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Coroner Renders Opinion

The New York City medical examiner has concluded that popular comedian and TV celebrity Joan Rivers died as a result of a “therapeutic complication.” Rivers was undergoing a procedure to evaluate her voice when she experienced breathing trouble, resulting in a critical lack of oxygen.  She was placed in a medically induced coma but ultimately died last month at the age of 81.

Powerful Drug Propofol May Have Contributed

Citing privacy laws, Yorkville Endoscopy has refused to discuss Rivers’ treatment in detail.  The medical examiner, however, indicated that she was sedated with propofol, an anesthetic drug that slows brain function and affects breathing.  The drug is widely used but is irreversible and requires constant vigilance to avoid major complications.

If propofol sounds familiar, it’s because the drug played a prominent role in the 2009 death of pop icon Michael Jackson and was a major subject in the subsequent trial.  Jackson’s personal doctor, Conrad Murray, allegedly used the medication to help Jackson get to sleep when other alternatives didn’t work. In that case, critics decried the use of propofol outside of the close monitoring of an intensive care hospital unit.


  1. Gravatar for jc

    Oh, boy! The plaintiff's are probably all over this one, dreaming of million dollar pay days. Have you called up Joan Rivers family yet, Dave?

  2. Gravatar for Steve Lombardi

    The person who left the comment "JC" is probably a tort-reformer who is being paid by the tobacco or Big Pharma to leave disparaging comments that add nothing to the discussion. Why won't these people use their actual names? Why won't they sign a personal pledge to not sue if it is them who ends up brain dead as a result of anesthesia error? Why do they go after lawyers for the mistakes of other professionals? Next JC will be blaming doctors for cancer.

  3. Gravatar for jc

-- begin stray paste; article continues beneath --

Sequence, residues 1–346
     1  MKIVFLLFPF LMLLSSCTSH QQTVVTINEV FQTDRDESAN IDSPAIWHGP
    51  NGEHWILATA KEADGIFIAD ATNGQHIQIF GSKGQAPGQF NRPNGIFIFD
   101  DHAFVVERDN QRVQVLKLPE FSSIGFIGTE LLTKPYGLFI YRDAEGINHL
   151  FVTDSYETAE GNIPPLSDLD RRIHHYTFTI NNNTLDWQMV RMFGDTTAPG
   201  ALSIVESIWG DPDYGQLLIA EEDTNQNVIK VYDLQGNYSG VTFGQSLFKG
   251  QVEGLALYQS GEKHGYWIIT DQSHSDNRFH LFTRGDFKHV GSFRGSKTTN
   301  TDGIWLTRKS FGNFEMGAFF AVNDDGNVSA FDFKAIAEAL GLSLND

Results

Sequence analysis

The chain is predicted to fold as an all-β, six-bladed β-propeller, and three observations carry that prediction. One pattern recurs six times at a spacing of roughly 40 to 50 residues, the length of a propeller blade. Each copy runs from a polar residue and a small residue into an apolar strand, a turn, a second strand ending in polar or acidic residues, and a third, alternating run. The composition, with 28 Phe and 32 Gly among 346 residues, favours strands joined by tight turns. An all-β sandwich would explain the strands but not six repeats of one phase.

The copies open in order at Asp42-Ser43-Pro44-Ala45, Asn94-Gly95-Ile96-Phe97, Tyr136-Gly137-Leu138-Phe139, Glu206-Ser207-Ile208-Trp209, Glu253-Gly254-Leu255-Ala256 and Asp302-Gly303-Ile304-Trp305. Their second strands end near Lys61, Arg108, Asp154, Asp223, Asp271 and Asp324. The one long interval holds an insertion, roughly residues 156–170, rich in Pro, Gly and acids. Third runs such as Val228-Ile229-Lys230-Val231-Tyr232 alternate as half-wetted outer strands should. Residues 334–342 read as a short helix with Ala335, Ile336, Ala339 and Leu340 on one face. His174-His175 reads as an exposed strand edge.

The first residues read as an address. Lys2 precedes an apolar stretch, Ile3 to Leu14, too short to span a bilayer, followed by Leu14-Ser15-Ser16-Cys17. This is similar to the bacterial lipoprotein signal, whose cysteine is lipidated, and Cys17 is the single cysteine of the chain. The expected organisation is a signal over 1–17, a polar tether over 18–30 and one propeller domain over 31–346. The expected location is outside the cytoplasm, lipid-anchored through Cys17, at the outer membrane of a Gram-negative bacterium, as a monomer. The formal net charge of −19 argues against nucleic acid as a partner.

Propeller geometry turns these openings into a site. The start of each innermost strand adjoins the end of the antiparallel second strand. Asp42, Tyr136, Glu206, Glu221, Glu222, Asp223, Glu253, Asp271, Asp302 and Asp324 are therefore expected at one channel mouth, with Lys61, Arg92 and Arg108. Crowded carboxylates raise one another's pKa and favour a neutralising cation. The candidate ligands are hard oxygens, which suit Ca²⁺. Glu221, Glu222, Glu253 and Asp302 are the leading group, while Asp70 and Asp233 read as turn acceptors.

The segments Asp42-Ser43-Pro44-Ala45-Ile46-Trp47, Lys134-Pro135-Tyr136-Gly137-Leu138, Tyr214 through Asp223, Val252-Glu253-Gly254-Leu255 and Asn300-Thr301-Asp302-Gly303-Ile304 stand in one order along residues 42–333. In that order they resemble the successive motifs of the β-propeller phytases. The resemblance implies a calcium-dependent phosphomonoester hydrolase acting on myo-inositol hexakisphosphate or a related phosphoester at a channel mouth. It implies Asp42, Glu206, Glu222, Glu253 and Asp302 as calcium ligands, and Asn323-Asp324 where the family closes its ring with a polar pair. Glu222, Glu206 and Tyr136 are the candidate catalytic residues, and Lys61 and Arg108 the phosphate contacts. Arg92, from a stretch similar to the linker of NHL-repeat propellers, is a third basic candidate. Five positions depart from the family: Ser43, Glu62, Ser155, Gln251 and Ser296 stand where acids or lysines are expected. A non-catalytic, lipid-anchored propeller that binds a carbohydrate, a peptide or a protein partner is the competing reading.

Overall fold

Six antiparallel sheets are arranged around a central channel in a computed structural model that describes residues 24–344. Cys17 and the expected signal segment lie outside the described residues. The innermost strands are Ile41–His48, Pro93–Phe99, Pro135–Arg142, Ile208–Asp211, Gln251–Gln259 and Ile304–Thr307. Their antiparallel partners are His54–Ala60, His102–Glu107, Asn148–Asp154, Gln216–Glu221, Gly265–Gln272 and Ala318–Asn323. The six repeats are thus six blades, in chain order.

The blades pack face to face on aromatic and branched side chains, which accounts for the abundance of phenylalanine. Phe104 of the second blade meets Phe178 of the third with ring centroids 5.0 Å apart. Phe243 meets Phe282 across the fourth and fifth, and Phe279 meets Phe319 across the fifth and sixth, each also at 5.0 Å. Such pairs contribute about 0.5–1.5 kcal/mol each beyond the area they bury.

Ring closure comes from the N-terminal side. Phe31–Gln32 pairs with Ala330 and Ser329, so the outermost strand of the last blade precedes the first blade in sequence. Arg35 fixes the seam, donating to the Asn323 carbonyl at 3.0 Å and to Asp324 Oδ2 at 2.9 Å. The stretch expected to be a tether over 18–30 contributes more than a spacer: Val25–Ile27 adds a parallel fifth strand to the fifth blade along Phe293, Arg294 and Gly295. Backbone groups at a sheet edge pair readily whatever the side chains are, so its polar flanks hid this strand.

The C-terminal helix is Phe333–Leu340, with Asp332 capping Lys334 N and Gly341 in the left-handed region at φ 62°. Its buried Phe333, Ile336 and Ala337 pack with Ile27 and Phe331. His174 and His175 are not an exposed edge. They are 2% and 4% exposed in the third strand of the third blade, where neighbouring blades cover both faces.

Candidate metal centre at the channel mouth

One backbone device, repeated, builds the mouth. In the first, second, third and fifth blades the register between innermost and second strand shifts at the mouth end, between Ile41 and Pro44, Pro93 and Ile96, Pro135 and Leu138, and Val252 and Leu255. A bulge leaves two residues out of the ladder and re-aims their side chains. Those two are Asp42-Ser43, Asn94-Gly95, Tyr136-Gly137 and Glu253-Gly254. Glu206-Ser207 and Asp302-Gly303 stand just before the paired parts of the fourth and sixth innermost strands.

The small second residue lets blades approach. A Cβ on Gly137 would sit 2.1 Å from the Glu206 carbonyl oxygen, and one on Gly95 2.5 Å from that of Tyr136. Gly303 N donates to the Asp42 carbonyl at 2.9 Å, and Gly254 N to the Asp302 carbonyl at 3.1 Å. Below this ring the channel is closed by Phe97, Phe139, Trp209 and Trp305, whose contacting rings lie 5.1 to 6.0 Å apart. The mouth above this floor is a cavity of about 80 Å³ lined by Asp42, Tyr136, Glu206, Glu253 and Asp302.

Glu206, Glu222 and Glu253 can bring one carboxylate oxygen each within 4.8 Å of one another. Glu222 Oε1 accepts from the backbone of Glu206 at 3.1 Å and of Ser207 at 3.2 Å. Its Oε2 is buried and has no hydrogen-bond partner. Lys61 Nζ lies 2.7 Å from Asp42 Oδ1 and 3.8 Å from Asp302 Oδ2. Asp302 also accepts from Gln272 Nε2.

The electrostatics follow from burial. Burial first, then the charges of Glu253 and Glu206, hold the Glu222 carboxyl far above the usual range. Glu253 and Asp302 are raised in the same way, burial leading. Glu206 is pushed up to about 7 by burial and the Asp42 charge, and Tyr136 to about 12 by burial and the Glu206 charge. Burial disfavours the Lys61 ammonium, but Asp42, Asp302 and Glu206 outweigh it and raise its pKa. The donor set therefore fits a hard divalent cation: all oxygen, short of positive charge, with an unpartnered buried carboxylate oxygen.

Steve--I am a practicing doctor and a strong believer in tort reform! Thru personal experience I have come to see the medical malpractice system as a scam, whose sole purpose is to benefit lawyers. In Ohio, in 2012, 2,773 medical malpractice cases were filed and 80% were closed with no payment to the patient. Of the cases that went to trial, and were decided by a judge or jury, 92.3% were won by the defendant doctor. Steve, name another industry in the U.S.A. which has an 80-92.3% failure rate. Would you fly on an airline which had a history of crashing 80% of the time? Dave want to talk about Joan Rivers. Well that case is truly the exception. The rule is the time I got sued because my name was on the chart of a patient who died of a hopeless disease. Or the time I got sued for six years due to a clerical error which had no effect on the patient's condition. I am convinced that, if a patient has a bad result, and goes to a malpractice attorney, that attorney will file a malpractice case regardless of the facts of the case. Finally, there is no malpractice "internship" even though med mal is the legal equivalent of neurosurgery. All you have to do is pass the bar and sue a doc. Imagine if I showed up at a hospital the day after my internship and said "I want to do brain surgery". No hospital would let me do it! Yet it is perfectly alright for an inexperienced bozo plaintiff attorney to sue me for malpractice right after he finishes law school, so he can learn off the case! You cannot imagine the gross legal mistakes I routinely see from these bozos. We need a system that serves both the doctor's and patient's best interests---we need medical courts.

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